Going green moves to higher gear
By Gary A. Dale|September 10, 2018
The Green Engineering Program Committee promotes a holistic, systems approach to improved energy efficiency, sustainability, renewable energy and design.
Environmental regulations will increasingly impact future aviation, as witnessed by events in 2016. In February, following six years of development, the International Civil Aviation Organization, or ICAO, took a significant step on efficiency targets with an agreement on CO2 emissions standard. If adopted by ICAO’s governing council, then the Committee on Aviation Environmental Protection will impose the first-ever binding energy efficiency and CO2 reduction targets for aviation.
In July the U.S. Environmental Protection Agency finalized a determination that greenhouse gas emissions from certain types of aircraft engines contribute to the pollution that causes climate change and endangers health.
NASA completed its six-year Environmentally Responsible Aviation project that aims to reduce aviation’s environmental impact. Partnering with U.S. industry and other government agencies, researchers matured advanced commercial transport technologies that reduced aircraft drag, weight and noise, as well as reduced the fuel burn and oxides of nitrogen output of the engines. If applied to the U.S. fleet starting in 2025, NASA’s analysis shows the technologies could help U.S. airlines realize over $250 billion dollars in savings from 2025 to 2050, and claim large reductions in carbon and noise footprints.
NASA in September awarded contracts to Aurora Flight Sciences and DZYNE Technologies, both in Virginia, along with Boeing and Lockheed Martin for system requirements definitions for promising X-plane concepts. The contracts support NASA’s 10-year New Aviation Horizons initiative to further develop technology with U. S. industry and other government partners to enable revolutionary ultra-efficient subsonic transport aircraft. Objectives are the simultaneous reduction of fleet-level carbon footprint of aviation by at least 50 percent and reduction of perceived community noise levels by one-half, while significantly reducing landing and takeoff emissions.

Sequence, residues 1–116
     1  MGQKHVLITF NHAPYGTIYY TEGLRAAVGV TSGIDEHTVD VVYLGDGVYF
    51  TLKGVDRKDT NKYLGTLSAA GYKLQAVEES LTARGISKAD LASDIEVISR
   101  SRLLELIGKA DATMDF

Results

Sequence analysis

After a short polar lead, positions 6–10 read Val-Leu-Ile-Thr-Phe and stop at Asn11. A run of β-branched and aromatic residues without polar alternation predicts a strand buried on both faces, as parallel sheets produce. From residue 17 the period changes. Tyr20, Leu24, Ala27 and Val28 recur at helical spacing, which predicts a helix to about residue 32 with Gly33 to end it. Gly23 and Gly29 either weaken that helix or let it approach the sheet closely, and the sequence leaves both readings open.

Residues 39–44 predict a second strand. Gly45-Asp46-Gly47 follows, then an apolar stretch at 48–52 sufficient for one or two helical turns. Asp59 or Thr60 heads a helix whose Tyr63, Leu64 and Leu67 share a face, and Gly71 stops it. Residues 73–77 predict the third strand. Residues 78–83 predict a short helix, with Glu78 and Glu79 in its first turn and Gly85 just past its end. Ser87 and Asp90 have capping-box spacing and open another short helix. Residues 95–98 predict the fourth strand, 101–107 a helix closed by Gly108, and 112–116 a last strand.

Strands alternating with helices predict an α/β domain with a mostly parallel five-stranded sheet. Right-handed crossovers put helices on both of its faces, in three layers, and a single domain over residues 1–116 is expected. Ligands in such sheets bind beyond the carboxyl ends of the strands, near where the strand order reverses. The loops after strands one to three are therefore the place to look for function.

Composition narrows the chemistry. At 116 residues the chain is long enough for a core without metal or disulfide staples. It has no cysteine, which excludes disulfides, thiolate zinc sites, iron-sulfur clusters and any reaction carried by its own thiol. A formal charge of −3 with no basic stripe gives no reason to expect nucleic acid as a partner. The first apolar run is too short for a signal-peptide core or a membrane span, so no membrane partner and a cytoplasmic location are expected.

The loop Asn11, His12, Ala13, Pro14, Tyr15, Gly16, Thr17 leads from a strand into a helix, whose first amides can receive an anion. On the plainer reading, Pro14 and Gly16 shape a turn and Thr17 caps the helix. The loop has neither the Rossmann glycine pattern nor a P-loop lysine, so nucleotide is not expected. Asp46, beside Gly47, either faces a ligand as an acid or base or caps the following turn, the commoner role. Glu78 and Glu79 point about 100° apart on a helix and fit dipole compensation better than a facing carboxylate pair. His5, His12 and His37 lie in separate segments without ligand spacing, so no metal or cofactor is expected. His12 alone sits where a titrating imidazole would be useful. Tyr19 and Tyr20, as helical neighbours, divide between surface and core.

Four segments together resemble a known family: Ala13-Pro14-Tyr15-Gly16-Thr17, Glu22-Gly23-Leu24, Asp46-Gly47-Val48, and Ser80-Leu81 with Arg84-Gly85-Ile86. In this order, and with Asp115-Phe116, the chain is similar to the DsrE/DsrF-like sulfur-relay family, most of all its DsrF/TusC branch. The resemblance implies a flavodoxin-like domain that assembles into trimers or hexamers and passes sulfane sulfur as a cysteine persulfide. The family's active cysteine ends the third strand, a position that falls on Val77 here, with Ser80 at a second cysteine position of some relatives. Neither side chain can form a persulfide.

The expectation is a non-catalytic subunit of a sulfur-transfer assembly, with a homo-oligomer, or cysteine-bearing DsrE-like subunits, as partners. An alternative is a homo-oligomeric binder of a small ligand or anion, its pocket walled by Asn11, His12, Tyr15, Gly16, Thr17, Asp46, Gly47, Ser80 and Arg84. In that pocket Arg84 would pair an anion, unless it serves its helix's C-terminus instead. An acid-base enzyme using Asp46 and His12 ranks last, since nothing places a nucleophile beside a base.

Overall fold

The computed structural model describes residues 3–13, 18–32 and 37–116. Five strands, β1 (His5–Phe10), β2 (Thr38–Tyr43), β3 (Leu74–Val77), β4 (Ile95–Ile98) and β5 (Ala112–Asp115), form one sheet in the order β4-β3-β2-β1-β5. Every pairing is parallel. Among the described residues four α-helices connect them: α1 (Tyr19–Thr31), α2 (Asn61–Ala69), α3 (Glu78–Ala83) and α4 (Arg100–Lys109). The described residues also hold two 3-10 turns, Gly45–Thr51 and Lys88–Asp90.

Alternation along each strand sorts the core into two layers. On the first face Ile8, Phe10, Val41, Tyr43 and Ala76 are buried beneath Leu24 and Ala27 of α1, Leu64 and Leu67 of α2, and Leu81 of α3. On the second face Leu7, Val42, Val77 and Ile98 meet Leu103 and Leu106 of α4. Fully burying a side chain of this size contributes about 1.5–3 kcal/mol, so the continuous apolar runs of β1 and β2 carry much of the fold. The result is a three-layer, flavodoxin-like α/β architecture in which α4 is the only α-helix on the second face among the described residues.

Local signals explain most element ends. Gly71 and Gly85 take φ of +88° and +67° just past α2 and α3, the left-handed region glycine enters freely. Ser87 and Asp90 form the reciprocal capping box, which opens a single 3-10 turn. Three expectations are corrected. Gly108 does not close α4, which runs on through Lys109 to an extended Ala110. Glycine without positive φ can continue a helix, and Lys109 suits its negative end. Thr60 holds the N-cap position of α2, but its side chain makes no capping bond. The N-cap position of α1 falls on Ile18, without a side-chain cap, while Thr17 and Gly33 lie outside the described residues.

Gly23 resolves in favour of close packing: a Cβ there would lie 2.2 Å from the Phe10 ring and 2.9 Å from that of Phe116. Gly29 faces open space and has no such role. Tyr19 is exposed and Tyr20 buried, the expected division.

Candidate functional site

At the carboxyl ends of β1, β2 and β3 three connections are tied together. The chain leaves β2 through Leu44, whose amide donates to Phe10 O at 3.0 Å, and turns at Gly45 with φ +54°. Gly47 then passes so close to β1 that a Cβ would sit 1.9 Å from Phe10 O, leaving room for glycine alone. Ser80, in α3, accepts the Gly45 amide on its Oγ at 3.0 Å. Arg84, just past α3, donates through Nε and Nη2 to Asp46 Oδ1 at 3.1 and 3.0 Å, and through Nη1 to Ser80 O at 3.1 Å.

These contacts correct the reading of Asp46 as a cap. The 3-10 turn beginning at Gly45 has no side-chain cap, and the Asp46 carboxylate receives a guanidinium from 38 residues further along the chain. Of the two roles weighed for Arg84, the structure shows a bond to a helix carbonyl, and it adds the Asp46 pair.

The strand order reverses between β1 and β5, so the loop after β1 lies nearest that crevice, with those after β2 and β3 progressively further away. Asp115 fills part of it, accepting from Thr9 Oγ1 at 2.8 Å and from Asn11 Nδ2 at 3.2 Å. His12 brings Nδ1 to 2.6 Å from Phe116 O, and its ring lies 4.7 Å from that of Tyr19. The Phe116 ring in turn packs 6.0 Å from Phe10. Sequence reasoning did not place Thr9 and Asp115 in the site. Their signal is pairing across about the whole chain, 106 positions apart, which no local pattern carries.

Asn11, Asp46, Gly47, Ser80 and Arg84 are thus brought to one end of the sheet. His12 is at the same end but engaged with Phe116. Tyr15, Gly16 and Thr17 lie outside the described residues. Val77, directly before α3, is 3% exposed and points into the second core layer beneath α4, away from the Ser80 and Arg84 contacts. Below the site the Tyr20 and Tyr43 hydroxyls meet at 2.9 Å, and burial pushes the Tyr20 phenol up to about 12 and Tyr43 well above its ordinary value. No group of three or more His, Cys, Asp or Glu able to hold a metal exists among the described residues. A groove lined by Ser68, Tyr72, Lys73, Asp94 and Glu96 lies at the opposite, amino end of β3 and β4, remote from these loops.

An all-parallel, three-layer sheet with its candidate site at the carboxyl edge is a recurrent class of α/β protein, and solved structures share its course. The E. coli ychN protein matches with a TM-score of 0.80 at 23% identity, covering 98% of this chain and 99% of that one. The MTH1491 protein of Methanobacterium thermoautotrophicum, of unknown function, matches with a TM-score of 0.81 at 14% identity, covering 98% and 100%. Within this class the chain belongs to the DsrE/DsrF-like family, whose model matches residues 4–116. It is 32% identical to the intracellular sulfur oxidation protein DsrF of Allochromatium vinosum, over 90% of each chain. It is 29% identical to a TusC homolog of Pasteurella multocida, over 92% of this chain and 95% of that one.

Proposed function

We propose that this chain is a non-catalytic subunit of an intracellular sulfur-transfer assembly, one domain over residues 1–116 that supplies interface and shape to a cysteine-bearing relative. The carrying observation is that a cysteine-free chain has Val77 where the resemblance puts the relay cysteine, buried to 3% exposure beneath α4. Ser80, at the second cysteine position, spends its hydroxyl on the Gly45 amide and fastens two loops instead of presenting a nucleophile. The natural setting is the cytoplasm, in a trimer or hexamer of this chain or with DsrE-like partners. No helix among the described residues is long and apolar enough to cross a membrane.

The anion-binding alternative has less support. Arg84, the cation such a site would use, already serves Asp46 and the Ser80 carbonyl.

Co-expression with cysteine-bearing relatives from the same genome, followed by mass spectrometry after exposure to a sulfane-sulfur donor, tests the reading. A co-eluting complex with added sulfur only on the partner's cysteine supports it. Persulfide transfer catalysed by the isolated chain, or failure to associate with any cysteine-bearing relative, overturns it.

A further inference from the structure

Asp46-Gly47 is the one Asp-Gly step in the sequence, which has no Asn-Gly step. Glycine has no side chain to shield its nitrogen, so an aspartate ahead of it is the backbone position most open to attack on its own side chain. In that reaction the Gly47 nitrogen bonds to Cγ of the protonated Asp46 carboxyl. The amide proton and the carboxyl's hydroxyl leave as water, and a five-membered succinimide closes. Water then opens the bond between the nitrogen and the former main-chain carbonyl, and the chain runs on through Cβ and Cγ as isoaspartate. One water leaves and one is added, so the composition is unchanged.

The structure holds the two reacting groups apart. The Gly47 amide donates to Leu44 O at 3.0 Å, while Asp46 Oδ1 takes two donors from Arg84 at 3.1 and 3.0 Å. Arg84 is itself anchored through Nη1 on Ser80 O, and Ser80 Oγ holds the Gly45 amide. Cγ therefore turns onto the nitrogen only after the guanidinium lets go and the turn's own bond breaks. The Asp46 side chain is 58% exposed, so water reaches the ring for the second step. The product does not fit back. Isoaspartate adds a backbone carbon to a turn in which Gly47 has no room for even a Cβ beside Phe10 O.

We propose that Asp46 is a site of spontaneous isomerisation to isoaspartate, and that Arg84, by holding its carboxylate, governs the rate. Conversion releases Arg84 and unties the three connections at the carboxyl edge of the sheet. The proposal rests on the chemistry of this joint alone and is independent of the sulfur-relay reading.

The European community is also addressing environmental and economic performance targets. Clean Sky 2 is focused on integrating breakthrough technologies at aircraft level and delivering in-flight demonstration of novel architectures and configurations. One example is the BLADE, or Breakthrough Laminar Aircraft Demonstrator in Europe, flight demonstrator: its A340 with new natural laminar flow on the outer wings. The wing assembly is nearing completion at Aernnova in Spain.
In Japan the National Institute for Materials Science has achieved energy conversion efficiency exceeding 18 percent using standard size perovskite solar cells, a key driving technology toward the government’s goal of doubling conversion efficiency and lowering power generation costs.
In June, Solar Impulse completed the first circumnavigation of the globe, flying 40,000 kilometers without fuel to promote the use of renewable energies. Airbus Group confirmed production plans for its electric aircraft E-Fan 2.0. Initial production volume will be small, but could grow to some 80 units annually by 2025, according to the company.
The White House in July released its strategy for setting out prioritized research and development goals to address key scientific and technical challenges holding back the development, production and use of economically viable alternative jet fuels at commercial scale. The FAA continued its five-year effort under the Continuous Lower Energy, Emissions and Noise Program to develop and demonstrate certifiable aircraft technologies to reduce aircraft fuel burn, emissions and noise, as well as to advance the development and introduction of sustainable alternative jet fuels. Recently, a new alternative — environmentally friendly, bio-based jet fuel, alcohol to jet synthetic paraffinic kerosene — was approved by ASTM International of Pennsylvania.
In March, United Airlines launched an initiative that uses biofuel to help power flights running between Los Angeles and San Francisco, with eventual plans to expand to all flights operating out of Los Angeles International. It’s the first time an American airline is using renewable fuel for regular commercial operations. ★